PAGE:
Rules weight

The weight of rules is not necessarily constant. For example, for statistics rules we have no certain confidence if a message is spam or not; instead we have a measure of probability. To allow fuzzy rules weight, Rspamd supports dynamic weights. Generally, it means that a rule may add a dynamic range from 0 to a defined weight in the metric. So if we define the symbol BAYES_SPAM with a weight of 5.0, then this rule can add a resulting symbol with a weight from 0 to 5.0. To distribute values, Rspamd uses a form of Sigma function to provide a fair distribution curve. The majority of Rspamd rules, with the exception of fuzzy rules, use static weights.


Rspamd uses statistic algorithms to precisely calculate the final score of a message. Currently, the only algorithm defined is OSB-Bayes. You can find details of this algorithm in the following paper. Rspamd uses a window size of 5 words in its classification. During the classification procedure, Rspamd splits a message into a set of tokens. Tokens are separated by punctuation or whitespace characters. Short tokens (less than 3 symbols) are ignored. For each token, Rspamd calculates two non-cryptographic hashes used subsequently as indices. All these tokens are stored in different statistics backends (mmapped files, SQLite3 database or Redis server). Currently, the recommended backend for statistics is Redis.

Running rspamd

There are several command-line options that can be passed to rspamd. All of them can be displayed by passing the --help argument.

All options are optional: by default rspamd will try to read the etc/rspamd.conf config file and run as a daemon. Also there is a test mode that can be turned on by passing the -t argument. In test mode, rspamd reads the config file and checks its syntax. If a configuration file is OK, the exit code is zero. Test mode is useful for testing new config files without restarting rspamd.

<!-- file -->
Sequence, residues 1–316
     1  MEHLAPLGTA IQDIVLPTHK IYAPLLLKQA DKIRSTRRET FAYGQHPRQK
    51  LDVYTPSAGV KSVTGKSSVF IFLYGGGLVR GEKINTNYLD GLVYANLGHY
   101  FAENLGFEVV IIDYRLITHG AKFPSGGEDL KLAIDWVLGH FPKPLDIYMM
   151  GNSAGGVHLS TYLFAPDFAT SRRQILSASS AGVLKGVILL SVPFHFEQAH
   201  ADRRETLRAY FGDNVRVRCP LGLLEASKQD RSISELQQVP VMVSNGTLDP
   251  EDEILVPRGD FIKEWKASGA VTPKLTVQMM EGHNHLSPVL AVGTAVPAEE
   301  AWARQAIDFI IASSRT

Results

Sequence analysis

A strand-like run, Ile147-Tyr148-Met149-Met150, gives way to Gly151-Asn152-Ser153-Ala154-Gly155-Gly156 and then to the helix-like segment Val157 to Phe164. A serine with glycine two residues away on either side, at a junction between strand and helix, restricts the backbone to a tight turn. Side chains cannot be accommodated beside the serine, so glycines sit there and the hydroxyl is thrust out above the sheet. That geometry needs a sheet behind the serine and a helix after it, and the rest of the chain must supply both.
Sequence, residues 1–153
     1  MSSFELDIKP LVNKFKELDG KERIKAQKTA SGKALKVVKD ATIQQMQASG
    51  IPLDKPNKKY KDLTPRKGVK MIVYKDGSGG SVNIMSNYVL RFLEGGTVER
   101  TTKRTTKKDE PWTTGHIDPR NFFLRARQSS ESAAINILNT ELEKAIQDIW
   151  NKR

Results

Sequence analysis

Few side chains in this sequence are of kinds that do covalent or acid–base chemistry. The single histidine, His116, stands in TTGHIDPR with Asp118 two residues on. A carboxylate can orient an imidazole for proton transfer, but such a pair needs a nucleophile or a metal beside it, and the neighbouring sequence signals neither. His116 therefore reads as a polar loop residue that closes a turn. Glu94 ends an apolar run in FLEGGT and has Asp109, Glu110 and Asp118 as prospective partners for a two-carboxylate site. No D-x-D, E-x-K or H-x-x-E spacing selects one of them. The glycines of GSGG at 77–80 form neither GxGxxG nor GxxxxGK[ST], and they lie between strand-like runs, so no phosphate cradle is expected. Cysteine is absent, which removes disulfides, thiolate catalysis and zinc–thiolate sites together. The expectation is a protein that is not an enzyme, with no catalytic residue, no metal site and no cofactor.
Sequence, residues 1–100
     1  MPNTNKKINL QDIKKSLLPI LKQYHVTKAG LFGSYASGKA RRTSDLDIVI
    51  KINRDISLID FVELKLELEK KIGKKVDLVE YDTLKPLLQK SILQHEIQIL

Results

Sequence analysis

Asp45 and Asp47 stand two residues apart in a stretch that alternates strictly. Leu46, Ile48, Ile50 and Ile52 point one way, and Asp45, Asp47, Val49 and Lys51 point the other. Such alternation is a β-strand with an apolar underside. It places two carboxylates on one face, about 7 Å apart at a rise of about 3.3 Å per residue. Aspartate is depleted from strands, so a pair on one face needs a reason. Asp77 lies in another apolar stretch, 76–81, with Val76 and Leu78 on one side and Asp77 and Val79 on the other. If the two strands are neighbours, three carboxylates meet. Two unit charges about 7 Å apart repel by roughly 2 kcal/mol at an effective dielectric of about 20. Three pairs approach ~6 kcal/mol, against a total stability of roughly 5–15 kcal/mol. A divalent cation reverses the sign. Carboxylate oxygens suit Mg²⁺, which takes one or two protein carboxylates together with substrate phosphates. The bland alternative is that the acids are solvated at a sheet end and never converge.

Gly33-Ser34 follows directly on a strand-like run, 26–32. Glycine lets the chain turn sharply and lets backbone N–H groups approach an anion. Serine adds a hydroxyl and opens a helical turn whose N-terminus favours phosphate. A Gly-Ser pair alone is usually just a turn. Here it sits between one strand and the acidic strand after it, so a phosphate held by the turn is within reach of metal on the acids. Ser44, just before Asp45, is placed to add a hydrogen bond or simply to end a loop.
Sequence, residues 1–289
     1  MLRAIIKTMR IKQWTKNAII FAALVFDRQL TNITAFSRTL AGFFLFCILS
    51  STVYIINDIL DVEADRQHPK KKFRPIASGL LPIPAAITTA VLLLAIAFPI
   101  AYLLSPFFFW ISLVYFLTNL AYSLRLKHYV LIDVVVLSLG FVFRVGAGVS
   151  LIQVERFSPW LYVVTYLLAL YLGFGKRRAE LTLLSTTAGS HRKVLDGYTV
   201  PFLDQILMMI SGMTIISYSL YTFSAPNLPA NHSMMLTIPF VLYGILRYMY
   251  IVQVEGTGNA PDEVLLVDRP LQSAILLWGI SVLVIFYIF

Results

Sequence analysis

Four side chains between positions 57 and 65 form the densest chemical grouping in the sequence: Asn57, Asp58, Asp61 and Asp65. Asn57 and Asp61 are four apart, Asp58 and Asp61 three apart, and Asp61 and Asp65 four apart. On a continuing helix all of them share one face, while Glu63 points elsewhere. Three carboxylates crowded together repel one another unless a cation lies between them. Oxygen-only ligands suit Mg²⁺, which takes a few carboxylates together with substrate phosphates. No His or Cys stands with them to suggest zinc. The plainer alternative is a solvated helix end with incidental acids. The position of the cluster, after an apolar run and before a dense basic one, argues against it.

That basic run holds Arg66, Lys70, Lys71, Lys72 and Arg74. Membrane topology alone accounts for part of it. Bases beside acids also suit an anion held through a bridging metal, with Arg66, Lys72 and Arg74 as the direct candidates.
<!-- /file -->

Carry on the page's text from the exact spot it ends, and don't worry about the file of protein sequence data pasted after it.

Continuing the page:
Managing rspamd using signals

It is important to note that all user signals should be sent to the rspamd main process and not to its children (as for child processes these signals can have other meanings). You can identify the main process:

  • by reading the pidfile:

      $ cat pidfile
  • by getting process info:

      $ ps auxwww | grep rspamd
      nobody 28378  0.0  0.2 49744  9424   rspamd: main process
      nobody 64082  0.0  0.2 50784  9520   rspamd: worker process
      nobody 64083  0.0  0.3 51792 11036   rspamd: worker process
      nobody 64084  0.0  2.7 158288 114200 rspamd: controller process
      nobody 64085  0.0  1.8 116304 75228  rspamd: fuzzy storage
      $ ps auxwww | grep rspamd | grep main
      nobody 28378  0.0  0.2 49744  9424   rspamd: main process

After getting the pid of the main process it is possible to manage rspamd with signals, as follows:

  • SIGHUP - restart rspamd: reread config file, start new workers (as well as controller and other processes), stop accepting connections by old workers, reopen all log files. Note that old workers would be terminated after one minute which should allow processing of all pending requests. All new requests to rspamd will be processed by the newly started workers.
  • SIGTERM - terminate rspamd.
  • SIGUSR1 - reopen log files (useful for log file rotation).

These signals may be used in rc-style scripts. Restarting of rspamd is performed softly: no connections are dropped and if a new config is incorrect then the old config is used.